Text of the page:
Microsoft has created an automated tool codenamed Project Artemis that can help detect patterns of communication used by predators to target kids.
Building off the Microsoft patent, the technique is applied to historical text-based chat conversations. It evaluates and “rates” conversation characteristics and assigns an overall probability rating. This rating can then be used as a determiner, set by individual companies implementing the technique, as to when a flagged conversation should be sent to human moderators for review. Human moderators would then be capable of identifying imminent threats for referral to law enforcement…
Microsoft was the company that also helped developed PhotoDNA, an automated tool to detect child abuse images. Now it’s moving to text.
The Federal Trade Commission is considering a revamp of the Children’s Online Privacy Protection Act (COPPA). Google wants to help them change the rules, and asked the agency to eliminate rules that categorizes anyone watching kids content online as actual kids.
In September, Google agreed to pay US$170 million to the FTC to resolve claims that YouTube violated COPPA by serving targeted advertisements to children under 13…After the FTC settlement, YouTube told creators that they would have to identify when videos are aimed at children under 13. When that happens, YouTube now turns off ads that rely on web browsing behavior and other targeting data, which earn more for YouTube and creators.
The Chinese SMA-WATCH-M2 was recently caught exposing personal data like location of over 5,000 children and their parents.
Siobhan O’Flynn writes about all the ways that companies like Google collect data from kids in violation of the Children’s Online Privacy Protection Act. It starts when schools increasingly turn to Google services in education.
Alphabet Inc. dominates child-directed and child-featured content online through YouTube Kids and has now colonized online educational spaces through Google Docs, G-Suite, Chromebooks and the associated Gmail accounts for children that are required for use. This means that Google’s access to children’s data spans entertainment (YouTube and YouTube Kids), search and purchase histories (via associated parental accounts), and educational sectors.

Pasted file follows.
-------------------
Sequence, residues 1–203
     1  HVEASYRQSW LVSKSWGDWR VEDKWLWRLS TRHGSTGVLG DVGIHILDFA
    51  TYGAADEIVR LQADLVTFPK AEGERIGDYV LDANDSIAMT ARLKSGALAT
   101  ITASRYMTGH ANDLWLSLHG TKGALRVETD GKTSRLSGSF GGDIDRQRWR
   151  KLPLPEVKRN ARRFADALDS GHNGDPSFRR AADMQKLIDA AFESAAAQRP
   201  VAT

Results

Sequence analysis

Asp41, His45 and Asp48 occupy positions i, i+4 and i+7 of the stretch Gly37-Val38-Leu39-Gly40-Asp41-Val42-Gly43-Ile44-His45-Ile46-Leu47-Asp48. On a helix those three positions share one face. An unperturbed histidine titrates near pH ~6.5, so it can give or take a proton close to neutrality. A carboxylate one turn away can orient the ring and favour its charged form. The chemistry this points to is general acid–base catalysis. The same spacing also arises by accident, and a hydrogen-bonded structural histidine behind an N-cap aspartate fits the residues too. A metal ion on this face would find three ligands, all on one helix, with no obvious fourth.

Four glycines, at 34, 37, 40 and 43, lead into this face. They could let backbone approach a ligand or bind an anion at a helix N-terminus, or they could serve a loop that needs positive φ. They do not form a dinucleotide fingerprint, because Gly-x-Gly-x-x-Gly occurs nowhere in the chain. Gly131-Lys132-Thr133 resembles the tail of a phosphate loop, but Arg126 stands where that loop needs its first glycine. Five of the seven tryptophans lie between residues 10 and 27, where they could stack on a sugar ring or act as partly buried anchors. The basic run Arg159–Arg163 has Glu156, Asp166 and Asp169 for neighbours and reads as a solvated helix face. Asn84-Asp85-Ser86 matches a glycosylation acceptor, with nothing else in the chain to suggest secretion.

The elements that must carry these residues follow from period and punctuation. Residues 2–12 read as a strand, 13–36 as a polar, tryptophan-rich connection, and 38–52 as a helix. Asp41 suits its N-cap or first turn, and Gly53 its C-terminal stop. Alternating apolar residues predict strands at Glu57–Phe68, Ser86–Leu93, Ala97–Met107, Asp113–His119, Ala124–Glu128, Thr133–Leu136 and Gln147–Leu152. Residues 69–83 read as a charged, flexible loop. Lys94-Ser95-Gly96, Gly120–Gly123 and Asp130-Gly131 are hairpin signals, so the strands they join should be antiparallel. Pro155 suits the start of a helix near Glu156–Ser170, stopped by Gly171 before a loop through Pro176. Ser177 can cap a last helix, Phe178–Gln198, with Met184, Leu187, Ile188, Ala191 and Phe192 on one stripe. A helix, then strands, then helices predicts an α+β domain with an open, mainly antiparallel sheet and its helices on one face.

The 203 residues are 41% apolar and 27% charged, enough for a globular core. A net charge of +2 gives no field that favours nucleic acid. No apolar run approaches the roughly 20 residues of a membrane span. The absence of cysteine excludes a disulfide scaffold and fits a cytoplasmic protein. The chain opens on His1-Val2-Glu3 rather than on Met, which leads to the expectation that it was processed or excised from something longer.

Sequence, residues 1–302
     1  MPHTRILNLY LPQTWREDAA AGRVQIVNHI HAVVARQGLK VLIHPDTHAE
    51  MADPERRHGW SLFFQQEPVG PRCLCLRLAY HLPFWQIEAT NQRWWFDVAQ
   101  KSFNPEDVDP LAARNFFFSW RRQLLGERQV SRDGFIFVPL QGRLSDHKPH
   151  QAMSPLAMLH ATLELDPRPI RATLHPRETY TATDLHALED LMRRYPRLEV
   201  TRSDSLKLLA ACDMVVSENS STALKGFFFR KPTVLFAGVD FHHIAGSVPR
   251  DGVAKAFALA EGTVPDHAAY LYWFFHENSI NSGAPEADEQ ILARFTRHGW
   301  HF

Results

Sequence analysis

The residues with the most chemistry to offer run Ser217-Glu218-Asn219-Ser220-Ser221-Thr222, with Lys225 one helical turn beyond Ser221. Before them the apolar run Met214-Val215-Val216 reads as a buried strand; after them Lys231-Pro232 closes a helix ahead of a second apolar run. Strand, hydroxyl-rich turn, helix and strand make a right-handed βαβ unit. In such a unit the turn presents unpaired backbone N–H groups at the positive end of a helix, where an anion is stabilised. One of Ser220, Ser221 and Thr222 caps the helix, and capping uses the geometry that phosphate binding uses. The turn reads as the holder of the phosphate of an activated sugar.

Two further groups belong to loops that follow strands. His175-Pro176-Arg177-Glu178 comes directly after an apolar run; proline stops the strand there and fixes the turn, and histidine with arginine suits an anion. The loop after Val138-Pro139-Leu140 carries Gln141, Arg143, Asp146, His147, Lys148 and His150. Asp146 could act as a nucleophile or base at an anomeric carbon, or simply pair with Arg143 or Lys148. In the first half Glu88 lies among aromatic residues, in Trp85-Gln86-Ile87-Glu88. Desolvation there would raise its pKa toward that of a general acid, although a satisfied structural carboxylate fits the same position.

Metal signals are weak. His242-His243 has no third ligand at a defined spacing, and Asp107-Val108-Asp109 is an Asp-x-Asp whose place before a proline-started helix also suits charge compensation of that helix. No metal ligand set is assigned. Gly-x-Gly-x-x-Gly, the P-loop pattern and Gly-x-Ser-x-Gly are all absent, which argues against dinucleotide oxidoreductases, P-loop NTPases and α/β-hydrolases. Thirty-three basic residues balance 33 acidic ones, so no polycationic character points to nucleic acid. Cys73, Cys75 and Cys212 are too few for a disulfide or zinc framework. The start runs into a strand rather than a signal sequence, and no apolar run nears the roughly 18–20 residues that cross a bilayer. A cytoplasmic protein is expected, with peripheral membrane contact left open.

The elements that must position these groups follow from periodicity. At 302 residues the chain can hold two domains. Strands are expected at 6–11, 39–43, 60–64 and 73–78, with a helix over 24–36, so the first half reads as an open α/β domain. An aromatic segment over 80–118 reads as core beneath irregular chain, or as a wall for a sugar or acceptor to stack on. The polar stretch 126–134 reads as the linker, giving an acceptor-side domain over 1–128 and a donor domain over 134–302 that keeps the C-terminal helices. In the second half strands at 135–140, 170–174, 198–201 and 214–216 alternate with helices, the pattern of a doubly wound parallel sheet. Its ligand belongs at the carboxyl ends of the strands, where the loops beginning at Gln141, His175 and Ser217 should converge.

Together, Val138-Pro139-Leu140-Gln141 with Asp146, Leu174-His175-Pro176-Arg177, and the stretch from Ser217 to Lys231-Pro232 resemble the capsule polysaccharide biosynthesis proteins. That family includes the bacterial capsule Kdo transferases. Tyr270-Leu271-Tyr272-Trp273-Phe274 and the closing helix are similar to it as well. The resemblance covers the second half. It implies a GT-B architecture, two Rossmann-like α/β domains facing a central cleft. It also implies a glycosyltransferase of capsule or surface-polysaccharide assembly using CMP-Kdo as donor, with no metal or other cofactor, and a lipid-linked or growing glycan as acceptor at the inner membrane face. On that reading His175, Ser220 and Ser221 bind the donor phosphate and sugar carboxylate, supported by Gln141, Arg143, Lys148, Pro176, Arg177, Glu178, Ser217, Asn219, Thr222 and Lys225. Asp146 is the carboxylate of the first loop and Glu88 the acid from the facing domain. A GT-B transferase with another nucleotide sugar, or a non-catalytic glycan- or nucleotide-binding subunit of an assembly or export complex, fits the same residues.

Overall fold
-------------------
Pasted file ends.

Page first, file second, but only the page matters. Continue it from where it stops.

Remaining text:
Apple has shared a Ghost Writer behind-the-scenes featurette on YouTube. It’s a kids series in which a ghost haunts a neighborhood.
When a ghost haunts a neighborhood bookstore and starts releasing fictional characters into the real world, four kids must team up to solve an exciting mystery surrounding the ghost’s unfinished business.
You can watch Ghost Writer on Apple TV+ here, and watch the featurette below.
When we hear the word “surveillance” we usually think about the NSA, or perhaps tech companies like Facebook and Google. What we probably don’t think about is school surveillance used to spy on kids.
The new school surveillance technology doesn’t turn off when the school day is over: anything students type in official school email accounts, chats or documents is monitored 24 hours a day, whether students are in their classrooms or their bedrooms.
Tech companies are also working with schools to monitor students’ web searches and internet usage, and, in some cases, to track what they are writing on public social media accounts.
Despite arguments from governments that encryption would hinder their ability to fight criminals, this clearly isn’t the case. In a recent example one of the biggest child porn sites on the dark web was recently taken down.
No backdoors were needed to track down the owner of the server or hundreds of the site’s visitors. For that matter, the FBI didn’t even need a warrant. The FBI did not deploy its infamous NIT (Network Investigative Technique) to track down site users. The flaw was the payment system linked to the site. Users may have thought their Bitcoin transactions couldn’t be traced back to them, but they were wrong.
The Four Horsemen of the Infocalypse: Terrorists, pedophiles, drug dealers, organized crime.
The New York Times has a nice feature out today about how a mother found photos of her kids in a machine learning database.
None of them could have foreseen that 14 years later, those images would reside in an unprecedentedly huge facial-recognition database called MegaFace. Containing the likenesses of nearly 700,000 individuals, it has been downloaded by dozens of companies to train a new generation of face-identification algorithms, used to track protesters, surveil terrorists, spot problem gamblers and spy on the public at large. The average age of the people in the database, its creators have said, is 16.
I can’t imagine the gross feeling you get when you see your kids in a database like this.
Disney has partnered with Kano, a company that makes coding kits for kids, on a new Star Wars motion sensor kit.
The Bluetooth-enabled motion sensor includes a circular case, printed circuit board with nine LEDs, and two tops that contain Rebel Alliance and Galactic Empire iconography. Once assembled, it can be used to control lightsabers, Porgs and other Star Wars paraphernalia in a companion app that’s compatible with Windows 10 PCs, Macs, iPads and Amazon Fire HD 10 tablets.
The BBC has created a “digital wellbeing” keyboard for kids called Own It. It uses machine learning to analyze what a child types.